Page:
kilo   1 000          k
milli  0.001          m
micro  0.000 001      µ

Style Conventions and Rules for using SI Units
General principles for the writing of unit symbols and numbers 
were first proposed in 1948. These were subsequently adopted and 
elaborated by ISO, the international standards organisation.

1. Unit symbols are printed in roman (upright) type, irrespective 
   of how the rest of the text is printed.
2. Unit symbols are unaltered in the plural.
3. Unit symbols are written without a final full stop (period) 
   except for normal punctuation such as at the end of a 
4. Unit symbols are placed after the numerical value, leaving a 
   space between the value and the symbol. For example 5 V not 
5. Unit symbols are generally written in lower case letters, 
   except when the name of the unit is derived from a proper 
   name. (Note that when the name of a unit which is derived from 
   a proper name is written out in full, such as ampere or herz, 
   the name is not capitalised. The only exception to this is 
6. The the given SI unit symbol should be used. The symbol for 
   second, for example, is s. To use sec or secs is incorrect. 
7. Unit symbols and unit names shouldn't be mixed. Metre per 
   second, not metre/second or metre/s.

Summary of Advantages of SI Units: Why they are the Global Choice
- No conversions: only one unit for each quantity
- No numbers to memorise: derived units are defined algebraically 
  with no numerical factors
- No long rows of zeros: prefixes are used to indicate powers of 
- World standard: all other units, including British Imperial and 
  American units, are defined by them
- Not static but evolves to take advantage of increasing accuracy 
  of measurement standards and increasing needs for measurements


Further Reading
You can find more information on units on these web sites.

National Physical Laboratory (UK)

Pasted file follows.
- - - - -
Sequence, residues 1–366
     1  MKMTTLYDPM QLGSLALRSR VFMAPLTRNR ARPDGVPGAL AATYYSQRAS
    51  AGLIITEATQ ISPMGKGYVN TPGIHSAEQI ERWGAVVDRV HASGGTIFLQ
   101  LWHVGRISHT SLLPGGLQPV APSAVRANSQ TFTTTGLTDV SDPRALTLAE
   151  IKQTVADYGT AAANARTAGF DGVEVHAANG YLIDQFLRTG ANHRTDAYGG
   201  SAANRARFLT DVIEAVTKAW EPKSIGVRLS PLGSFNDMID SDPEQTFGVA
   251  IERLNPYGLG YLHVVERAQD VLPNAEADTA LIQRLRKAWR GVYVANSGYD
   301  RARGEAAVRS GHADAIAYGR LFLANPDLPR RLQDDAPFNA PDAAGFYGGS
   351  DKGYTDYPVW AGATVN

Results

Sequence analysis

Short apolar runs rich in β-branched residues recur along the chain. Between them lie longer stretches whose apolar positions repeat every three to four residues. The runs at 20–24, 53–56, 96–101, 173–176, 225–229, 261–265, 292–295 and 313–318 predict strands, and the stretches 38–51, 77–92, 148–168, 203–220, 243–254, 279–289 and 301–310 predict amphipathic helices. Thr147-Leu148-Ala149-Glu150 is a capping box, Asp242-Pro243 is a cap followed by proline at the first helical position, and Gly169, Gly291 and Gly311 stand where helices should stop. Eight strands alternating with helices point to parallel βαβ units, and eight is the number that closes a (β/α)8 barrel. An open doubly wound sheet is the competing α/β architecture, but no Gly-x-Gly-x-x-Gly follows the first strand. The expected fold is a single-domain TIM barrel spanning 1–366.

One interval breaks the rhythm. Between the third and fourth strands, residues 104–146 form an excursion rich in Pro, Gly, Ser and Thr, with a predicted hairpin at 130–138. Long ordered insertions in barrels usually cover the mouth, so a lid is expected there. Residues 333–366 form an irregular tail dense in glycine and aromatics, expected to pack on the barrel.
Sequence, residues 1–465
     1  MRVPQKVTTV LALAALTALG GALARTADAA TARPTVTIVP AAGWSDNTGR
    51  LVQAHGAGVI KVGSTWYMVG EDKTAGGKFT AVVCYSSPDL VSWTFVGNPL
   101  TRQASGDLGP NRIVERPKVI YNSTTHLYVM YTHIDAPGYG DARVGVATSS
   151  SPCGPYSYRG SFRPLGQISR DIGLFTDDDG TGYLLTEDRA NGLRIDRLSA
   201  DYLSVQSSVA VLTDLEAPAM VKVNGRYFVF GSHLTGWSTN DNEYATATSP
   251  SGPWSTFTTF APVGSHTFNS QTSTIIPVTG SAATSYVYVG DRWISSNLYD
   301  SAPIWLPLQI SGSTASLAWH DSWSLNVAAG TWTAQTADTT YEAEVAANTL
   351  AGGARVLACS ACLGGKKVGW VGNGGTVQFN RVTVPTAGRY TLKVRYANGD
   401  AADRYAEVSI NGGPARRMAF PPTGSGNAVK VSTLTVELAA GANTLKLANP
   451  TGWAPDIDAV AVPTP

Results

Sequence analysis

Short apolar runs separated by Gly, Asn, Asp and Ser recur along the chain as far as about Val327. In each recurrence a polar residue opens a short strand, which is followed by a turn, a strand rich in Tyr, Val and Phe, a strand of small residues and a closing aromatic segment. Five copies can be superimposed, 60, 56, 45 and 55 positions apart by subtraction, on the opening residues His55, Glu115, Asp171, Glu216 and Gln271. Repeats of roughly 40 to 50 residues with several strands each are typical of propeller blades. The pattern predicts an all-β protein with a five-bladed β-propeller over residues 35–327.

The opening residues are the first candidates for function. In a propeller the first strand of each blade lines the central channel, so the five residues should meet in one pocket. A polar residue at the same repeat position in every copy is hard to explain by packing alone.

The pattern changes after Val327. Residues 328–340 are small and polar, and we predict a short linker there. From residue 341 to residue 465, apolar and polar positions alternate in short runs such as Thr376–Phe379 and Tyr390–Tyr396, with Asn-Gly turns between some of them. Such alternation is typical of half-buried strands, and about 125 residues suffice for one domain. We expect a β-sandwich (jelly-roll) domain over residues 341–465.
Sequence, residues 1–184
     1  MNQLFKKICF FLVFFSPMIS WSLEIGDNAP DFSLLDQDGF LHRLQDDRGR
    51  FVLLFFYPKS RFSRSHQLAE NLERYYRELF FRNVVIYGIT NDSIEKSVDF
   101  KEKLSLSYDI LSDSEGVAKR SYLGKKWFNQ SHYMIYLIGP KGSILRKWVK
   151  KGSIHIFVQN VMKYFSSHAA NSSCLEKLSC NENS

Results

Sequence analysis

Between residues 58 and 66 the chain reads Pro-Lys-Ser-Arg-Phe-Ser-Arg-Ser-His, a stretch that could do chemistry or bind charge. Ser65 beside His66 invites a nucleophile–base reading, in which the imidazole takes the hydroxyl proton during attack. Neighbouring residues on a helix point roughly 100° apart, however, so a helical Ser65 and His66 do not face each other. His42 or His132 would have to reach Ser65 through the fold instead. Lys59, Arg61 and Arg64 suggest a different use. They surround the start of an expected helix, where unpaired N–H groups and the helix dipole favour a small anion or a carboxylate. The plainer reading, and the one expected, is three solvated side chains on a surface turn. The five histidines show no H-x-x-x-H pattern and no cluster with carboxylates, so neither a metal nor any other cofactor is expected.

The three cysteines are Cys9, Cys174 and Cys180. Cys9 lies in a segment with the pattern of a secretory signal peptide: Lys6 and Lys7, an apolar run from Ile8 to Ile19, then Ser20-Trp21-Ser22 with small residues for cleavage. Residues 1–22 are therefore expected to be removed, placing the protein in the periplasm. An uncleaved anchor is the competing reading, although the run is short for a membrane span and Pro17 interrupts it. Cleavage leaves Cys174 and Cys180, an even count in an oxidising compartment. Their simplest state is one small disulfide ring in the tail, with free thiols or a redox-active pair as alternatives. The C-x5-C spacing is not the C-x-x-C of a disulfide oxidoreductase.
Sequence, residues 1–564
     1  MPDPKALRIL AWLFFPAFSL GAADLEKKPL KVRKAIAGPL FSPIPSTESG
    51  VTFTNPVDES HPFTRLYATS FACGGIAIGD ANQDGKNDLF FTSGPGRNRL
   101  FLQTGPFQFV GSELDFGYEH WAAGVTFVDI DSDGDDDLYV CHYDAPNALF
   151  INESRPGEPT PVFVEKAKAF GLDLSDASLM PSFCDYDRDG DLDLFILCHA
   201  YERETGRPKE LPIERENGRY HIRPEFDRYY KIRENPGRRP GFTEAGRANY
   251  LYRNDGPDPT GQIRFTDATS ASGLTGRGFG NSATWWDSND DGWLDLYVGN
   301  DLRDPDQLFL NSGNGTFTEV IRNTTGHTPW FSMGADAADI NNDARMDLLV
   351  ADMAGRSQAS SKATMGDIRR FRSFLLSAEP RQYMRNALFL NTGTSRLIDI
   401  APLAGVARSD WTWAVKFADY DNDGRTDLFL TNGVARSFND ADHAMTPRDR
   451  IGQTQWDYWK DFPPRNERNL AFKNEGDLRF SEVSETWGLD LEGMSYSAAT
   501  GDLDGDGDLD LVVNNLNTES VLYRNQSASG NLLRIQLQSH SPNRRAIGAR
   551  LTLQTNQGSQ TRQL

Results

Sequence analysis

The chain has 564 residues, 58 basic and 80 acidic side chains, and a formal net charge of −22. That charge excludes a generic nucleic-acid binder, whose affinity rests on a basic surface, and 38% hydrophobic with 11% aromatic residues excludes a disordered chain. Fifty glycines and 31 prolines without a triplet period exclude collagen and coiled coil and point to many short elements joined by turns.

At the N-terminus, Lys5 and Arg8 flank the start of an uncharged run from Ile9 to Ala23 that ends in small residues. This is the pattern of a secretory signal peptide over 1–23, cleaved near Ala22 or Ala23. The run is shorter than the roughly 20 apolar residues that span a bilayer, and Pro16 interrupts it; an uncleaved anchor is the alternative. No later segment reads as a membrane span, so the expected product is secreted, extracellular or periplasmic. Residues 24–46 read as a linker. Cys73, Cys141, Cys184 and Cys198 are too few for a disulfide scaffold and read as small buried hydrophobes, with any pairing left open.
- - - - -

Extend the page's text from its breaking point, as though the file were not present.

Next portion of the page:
NIST: National Institute of Standards and Technology (USA)

Bureau International des Poids et Mesures

The Metric System [SI]: A concise reference guide

Metric Units and Conversion Charts, T Wildi, 1996, IEEE Press.

                   Exhibitions and Conferences                   
Every other month we list forthcoming exhibitions and conferences 
related to data acquisition and control.

1-2 November
NEMEX, National Energy Management Exhibition
NEC Birmingham UK
Europe's energy managing conference and exhibition. Features 
energy saving solutions, climate change levy debate and a series 
of workshops.

7-9 November
Manufacturing Week 2000
NEC Birmingham UK
As well as incorporating the Design Engineering Show and Vehicle 
Engineering & Design, this year's Manufacturing Week also 
includes Automation and  Production. Over 300 exhibitors plan to 

7-9 November
CIM 2000
NEC Birmingham UK
Computers in Manufacturing. A UK exhibition showing the latest IT 

7-11 November
Milan Italy
International exhibition for the automation, industrial 
components and instrumentation sectors. It boasts 2,600 
exhibiting companies coming from 30 countries, and an estimated 
60,000 visitors coming from around seventy countries.

21-22 November
Instrumentation South East
ExCel London UK

5-10 November
2000 International Mechanical Engineering Congress and Exposition 
Walt Disney World Florida USA
The congress aims to provide a program that balances academic, 
research and industrial applications. For design, manufacturing 
and product engineers.

28-30 November
Exhibition for automation technology. Exhibits include: data 
acquisition equipment, sensors and periphery equipment.

* Copyright Windmill Software Ltd
* Reprinting permitted with this notice included
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or publication, providing the above notice is 
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Windmill Software Ltd, PO Box 58, North District Office,
Manchester, M8 8QR, UK
Telephone: +44 (0)161 833 2782
Facsimile: +44 (0)161 833 2190
E-mail: [email protected]